Accurate Disclosure of the Remuneration Structure

Today an increasing number of Remuneration Reports reveal the proportion of reward split between fixed remuneration and potential earnings under incentive programs. The method of disclosing this proportion varies significantly.

A standard approach is to disclose the opportunity provided at target performance under short-term and long-term incentive plans (STI and LTI) as a proportion of total remuneration. The figure below is an example of this.

Remuneration Elements as a Proportion of Total Reward

Another approach, which may be clearer to certain shareholders, is to identify the STI and LTI opportunity at target as a proportion of fixed remuneration, as shown in the example below.

Remuneration Elements as a Proportion of Fixed Remuneration

The above two approaches may also be used in combination.

However, neither of these approaches provides information on how the remuneration mix changes at different performance levels. Some companies provide a comprehensive and all inclusive graph of reward outcomes, as shown in the graph below of a CEO’s remuneration mix for varying levels of performance. Note that in this case the long term incentive grant is influenced by the annual performance.

Remuneration Elements as a proportion of total remuneration at different performance levels

Such a graph can also be paired with another that portrays remuneration dollar values instead of percentages, to give a quick overview of how much an executive is due to receive at different levels of performance.

Other companies may rely on additional tables to provide information on the proportion of the annual incentive opportunity as a proportion of to fixed remuneration at threshold, target and maximum. For an example, see the table below.

STI as a Proportion of Fixed Remuneration

Another standard approach for disclosing this information is in footnotes or text, although this makes it more difficult for shareholders to gain an overview.

Some companies use remuneration mix illustrations to juxtapose the current year’s balance of remuneration elements with that of future years when remuneration structures are in transition. This is shown in the target remuneration mix example below, where a deferred STI element has been added to the remuneration structure.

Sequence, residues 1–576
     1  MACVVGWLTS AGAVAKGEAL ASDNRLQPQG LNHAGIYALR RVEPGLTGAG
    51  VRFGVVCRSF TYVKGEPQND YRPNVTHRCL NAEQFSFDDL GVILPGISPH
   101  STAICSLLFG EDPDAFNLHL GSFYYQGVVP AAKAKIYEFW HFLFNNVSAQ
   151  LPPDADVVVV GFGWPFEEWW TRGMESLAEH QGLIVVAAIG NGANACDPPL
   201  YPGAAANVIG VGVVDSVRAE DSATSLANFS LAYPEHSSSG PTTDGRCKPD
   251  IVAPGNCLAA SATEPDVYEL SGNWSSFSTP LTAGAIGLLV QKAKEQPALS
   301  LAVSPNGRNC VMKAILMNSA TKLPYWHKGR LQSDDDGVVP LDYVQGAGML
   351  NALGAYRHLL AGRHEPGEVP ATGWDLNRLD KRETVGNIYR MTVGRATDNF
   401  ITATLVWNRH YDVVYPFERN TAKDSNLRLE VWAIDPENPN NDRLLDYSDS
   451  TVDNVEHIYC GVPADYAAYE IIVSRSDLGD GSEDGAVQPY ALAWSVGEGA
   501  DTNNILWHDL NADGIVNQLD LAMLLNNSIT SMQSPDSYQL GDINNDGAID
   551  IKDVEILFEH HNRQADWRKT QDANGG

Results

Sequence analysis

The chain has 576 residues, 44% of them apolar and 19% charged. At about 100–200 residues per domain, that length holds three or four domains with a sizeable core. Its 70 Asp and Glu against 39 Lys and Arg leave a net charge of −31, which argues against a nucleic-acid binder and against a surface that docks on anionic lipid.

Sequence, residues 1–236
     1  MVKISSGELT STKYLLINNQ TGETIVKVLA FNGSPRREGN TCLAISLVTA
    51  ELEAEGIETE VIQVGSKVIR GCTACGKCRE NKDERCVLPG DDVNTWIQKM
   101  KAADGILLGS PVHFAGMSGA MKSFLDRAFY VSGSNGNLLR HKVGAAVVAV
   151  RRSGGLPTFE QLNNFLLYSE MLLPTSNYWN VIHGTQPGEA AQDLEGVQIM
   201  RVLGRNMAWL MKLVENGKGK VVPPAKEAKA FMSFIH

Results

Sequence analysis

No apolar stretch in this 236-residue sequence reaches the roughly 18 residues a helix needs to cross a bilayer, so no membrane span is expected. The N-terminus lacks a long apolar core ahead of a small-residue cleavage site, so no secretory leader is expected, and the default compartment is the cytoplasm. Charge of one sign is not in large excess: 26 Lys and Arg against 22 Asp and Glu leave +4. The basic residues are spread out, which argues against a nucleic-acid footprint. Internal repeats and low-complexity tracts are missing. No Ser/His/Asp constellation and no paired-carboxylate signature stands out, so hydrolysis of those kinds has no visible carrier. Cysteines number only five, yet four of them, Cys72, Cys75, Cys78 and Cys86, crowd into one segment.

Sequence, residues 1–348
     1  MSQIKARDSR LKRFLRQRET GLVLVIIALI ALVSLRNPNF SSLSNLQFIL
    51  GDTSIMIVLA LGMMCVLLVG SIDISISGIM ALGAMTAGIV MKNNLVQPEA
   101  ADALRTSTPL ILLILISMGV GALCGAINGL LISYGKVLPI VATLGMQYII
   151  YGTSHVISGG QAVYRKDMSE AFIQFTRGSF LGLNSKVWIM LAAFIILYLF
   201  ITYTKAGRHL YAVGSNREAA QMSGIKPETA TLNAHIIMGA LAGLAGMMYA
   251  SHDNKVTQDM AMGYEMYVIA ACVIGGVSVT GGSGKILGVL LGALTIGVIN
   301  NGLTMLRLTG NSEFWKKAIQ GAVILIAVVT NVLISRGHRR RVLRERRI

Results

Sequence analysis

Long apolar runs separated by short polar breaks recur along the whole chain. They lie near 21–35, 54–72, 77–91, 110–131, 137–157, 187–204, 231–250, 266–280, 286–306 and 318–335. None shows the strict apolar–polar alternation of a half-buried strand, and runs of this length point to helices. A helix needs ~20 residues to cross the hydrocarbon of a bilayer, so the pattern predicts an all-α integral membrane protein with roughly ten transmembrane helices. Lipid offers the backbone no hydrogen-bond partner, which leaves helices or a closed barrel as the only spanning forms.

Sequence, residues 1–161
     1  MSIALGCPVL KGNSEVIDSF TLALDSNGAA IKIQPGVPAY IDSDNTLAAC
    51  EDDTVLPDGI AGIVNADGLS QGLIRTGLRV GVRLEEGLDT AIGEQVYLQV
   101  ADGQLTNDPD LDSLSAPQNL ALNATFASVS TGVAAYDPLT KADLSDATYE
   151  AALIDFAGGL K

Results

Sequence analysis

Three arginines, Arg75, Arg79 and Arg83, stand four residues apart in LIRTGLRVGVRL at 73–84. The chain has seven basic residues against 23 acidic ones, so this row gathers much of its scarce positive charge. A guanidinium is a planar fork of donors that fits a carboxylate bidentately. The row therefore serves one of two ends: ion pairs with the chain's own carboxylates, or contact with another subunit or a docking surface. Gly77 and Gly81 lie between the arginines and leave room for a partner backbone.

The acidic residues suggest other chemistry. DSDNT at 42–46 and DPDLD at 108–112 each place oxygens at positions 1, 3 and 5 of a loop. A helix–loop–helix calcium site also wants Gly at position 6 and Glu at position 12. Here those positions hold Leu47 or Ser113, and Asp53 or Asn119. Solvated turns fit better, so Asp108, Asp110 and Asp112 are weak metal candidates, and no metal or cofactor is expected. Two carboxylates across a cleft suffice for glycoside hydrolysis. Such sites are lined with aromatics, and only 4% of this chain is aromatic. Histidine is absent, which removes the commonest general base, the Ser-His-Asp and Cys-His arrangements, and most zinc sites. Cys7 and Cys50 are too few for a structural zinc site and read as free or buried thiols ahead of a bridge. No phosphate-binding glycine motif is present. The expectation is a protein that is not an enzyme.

Remuneration elements during a transition period


These illustrations highlight different ways of communicating remuneration opportunities to shareholders.  Although we note that pictorial representations can enable better understanding for retail investors, we do not favour one method over another. Most important to shareholders is that whichever style companies use to communicate their remuneration mix, they include information on:

  1. The proportion of incentive payments to fixed payments if threshold performance, target performance and maximum (stretch) performance is achieved.
  2. The basis for the allocation of deferred STI, including:
    • How much of the award is deferred?
    • What is deferred? (Cash, restricted shares, rights, options?)
    • If it is equity, how is it valued for allocation? (For example, the volume weighted average share price (VWAP) for the five days prior to the incentive approval)
  3. The underlying basis for determining value when allocating the long term incentive. (For example, the VWAP for the five days prior to the grant, or an accounting model such as Black Scholes or Fair Value that accounts for future dividends)

This will ensure shareholders have all the information they need to understand the true proportion of incentive payments to fixed remuneration at different levels of performance and that the illustrations accurately reflect reward paid or the financial reward opportunity potential.

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